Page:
Laura Morse was Student Activist of the Month for May 2014!
Why are you vegan? Why do you promote veganism? Who has been your biggest inspiration? Have any books or philosophies or people been important to you?
I went vegan when I was thirteen after learning about the treatment of animals on factory farms. The books that were influential in making the transition for me were “Diet for a New America” and “Animal Liberation”. I feel healthier and have more energy since going vegan.
What are your hobbies outside of the veg club?
I enjoy nature time and working out—mostly jogging, hiking and zumba. I like my soy latte breaks with friends, doing artsy stuff, and wandering the library aisles looking for fun books to read.
What are you studying in school and what do you want to do in the future?
I’m finishing up a Masters in Counselor Education, and I hope to use it to empower students to get involved with veg and animal rights activism on their campuses.
How did your family react to your veganism?
They thought it was “just a phase”. I learned to cook for myself, since at first they weren’t too supportive of the idea. Now my parents and sister are vegan—they kept trying all the delicious vegan food and decided it wasn’t as difficult as they had initially thought.
How is the vegan scene at your school?
Pretty awesome–since it’s a huge campus I’m always meeting new vegetarians/vegans when
I’m out leafleting and inviting them to join the club! We have about 30 active members and another 270 that receive our weekly e-mails.
How long has your club been around?
The Vegetarian Club at Penn State was formed in 2009, but there have been periods when the club was inactive, since it was hard to find people to take on leadership roles.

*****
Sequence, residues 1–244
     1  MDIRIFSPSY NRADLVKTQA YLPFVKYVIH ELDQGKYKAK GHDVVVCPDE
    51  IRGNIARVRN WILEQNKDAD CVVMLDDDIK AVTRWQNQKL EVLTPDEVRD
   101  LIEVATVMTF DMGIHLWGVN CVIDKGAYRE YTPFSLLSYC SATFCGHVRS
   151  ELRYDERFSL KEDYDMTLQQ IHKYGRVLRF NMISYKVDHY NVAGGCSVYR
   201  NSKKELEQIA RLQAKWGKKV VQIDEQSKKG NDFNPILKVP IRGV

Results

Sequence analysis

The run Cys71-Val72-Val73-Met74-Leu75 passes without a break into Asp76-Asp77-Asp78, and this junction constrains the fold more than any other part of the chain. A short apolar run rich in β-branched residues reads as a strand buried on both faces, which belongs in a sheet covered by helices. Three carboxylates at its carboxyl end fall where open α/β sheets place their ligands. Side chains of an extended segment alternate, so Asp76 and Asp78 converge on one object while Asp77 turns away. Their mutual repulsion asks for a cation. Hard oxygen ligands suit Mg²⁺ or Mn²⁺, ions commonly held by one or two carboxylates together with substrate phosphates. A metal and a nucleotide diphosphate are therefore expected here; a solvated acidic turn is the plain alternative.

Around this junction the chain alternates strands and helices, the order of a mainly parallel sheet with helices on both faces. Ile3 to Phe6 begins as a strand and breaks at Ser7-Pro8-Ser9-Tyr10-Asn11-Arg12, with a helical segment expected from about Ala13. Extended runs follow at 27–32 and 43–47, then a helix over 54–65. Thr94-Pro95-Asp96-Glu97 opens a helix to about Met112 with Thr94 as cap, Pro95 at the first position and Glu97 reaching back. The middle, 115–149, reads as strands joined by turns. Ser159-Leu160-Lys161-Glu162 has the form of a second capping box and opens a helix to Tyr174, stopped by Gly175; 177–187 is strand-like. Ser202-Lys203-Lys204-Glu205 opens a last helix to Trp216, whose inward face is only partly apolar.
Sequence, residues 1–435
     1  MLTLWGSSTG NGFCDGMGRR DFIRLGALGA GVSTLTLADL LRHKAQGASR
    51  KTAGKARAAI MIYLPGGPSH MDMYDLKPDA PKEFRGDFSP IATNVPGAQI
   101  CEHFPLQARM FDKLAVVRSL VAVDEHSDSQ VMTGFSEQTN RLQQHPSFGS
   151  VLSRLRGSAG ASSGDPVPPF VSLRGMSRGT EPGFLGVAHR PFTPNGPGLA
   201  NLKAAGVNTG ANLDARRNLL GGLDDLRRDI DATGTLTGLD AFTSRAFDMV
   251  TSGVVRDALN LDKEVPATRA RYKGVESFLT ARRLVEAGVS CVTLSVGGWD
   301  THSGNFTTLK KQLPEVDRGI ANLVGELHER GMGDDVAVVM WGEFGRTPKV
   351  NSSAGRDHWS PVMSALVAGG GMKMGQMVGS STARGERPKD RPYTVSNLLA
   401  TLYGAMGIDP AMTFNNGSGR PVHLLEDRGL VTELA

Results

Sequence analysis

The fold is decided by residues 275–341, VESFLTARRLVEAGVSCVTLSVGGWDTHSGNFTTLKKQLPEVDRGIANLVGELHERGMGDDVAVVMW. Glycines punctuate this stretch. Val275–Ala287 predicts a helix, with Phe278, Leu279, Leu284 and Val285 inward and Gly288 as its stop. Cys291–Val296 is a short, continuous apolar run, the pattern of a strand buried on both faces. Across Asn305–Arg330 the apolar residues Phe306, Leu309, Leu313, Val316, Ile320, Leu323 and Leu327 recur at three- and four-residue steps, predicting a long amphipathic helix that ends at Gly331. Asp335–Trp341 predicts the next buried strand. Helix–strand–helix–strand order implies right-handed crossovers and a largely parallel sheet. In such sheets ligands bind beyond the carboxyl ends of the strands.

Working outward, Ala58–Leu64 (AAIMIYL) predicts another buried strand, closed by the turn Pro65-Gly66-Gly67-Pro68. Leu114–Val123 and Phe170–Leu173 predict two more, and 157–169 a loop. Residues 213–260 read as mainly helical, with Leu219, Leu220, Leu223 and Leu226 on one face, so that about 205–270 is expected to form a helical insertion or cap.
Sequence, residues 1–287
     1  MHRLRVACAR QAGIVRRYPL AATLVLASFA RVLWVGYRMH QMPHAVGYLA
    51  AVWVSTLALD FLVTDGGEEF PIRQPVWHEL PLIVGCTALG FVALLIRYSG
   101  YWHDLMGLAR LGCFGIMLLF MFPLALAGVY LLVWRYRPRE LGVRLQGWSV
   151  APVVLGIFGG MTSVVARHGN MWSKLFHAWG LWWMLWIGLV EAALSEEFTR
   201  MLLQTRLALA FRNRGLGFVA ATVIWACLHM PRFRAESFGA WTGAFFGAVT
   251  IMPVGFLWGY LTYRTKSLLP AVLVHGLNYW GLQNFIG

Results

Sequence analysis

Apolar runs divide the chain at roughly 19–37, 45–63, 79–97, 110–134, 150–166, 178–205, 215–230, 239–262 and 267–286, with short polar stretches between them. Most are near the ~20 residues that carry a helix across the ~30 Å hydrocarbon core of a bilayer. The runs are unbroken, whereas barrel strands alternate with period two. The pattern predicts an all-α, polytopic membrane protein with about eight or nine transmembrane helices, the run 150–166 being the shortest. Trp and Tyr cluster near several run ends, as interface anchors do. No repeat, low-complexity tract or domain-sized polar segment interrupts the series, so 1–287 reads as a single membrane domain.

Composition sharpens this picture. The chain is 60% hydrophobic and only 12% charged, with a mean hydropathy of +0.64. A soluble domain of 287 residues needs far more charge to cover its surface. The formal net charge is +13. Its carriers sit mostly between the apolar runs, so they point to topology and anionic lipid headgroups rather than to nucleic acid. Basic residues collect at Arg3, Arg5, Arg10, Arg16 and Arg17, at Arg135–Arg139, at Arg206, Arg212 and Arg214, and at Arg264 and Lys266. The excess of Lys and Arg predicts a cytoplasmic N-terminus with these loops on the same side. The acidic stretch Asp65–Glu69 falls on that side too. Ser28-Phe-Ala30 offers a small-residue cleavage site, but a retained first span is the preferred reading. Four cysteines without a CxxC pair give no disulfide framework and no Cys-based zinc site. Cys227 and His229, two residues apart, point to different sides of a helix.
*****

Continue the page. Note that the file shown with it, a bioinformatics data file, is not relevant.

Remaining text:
What types of events and activities have you planned?
We have weekly meetings, bring speakers and have fun social events that are always going on. Check out our website for other event ideas for your club:http://pennstatevegclub.weebly.com.
What has been your biggest challenges & mistakes?
Initially I was super pumped to do tons of activism with the club. But getting feedback from students at Penn State, I learned that most primarily wanted to be in the club for social events. As a group, we worked to find a balance to keep students engaged and coming back with fun social gatherings, while also trying to make positive veg change on our campus.
What was your favorite activity or event?
Our fall semester trip to Farm Sanctuary was probably my favorite since it was a great group bonding experience. We got to spend time with the animals, meet new vegetarians who joined the group, and get soft serve vegan ice cream and Chinese food in Watkins Glen.
What has been the club’s biggest success?
We added a lot of structure with an executive board for the club–this helped us to coordinate so many events! With the addition of a social chair, public relations chair, and community liaison this allowed us to accomplish more at Penn State to help animals. We were able to host six speakers this year, including: George Eisman, Jon Camp, Rachel Atcheson, Kathy Pollard, Nick Cooney and Ingrid Newkirk. Our campaign this year focuses on plant-based egg transition in the dining halls.
Why is in-school activism important?
So other students can learn the benefits of a veg diet, and see how easy and fun it is! It’s one of the easiest and most influential decisions that we can make–saving thousands of lives over a lifetime. And think how many more lives you can save when you start doing more activism to get the word out to others on your campus.
Do you have any tips for youth who want to go vegetarian or vegan?
Go to your library, and check-out cookbooks like “Vegan with a Vengeance”, “Veganomicon”, and “Students Go Vegan”. Then, join some local groups so you have support from other veg people in your community. Having support is crucial to help you feel like you’re part of the movement—and to share your yummy vegan food with!
What advice do you have for other youth activists?
I was really shy and quiet when I was in middle school but getting involved with activism helped me find my voice to help save animals. My biggest piece of advice would be to either get involved with a veg/animal rights group or start one if there isn’t one in your area. Feel free to send me any questions if you want to talk about how you can get involved with activism–I love working with students to help start veg groups at their schools!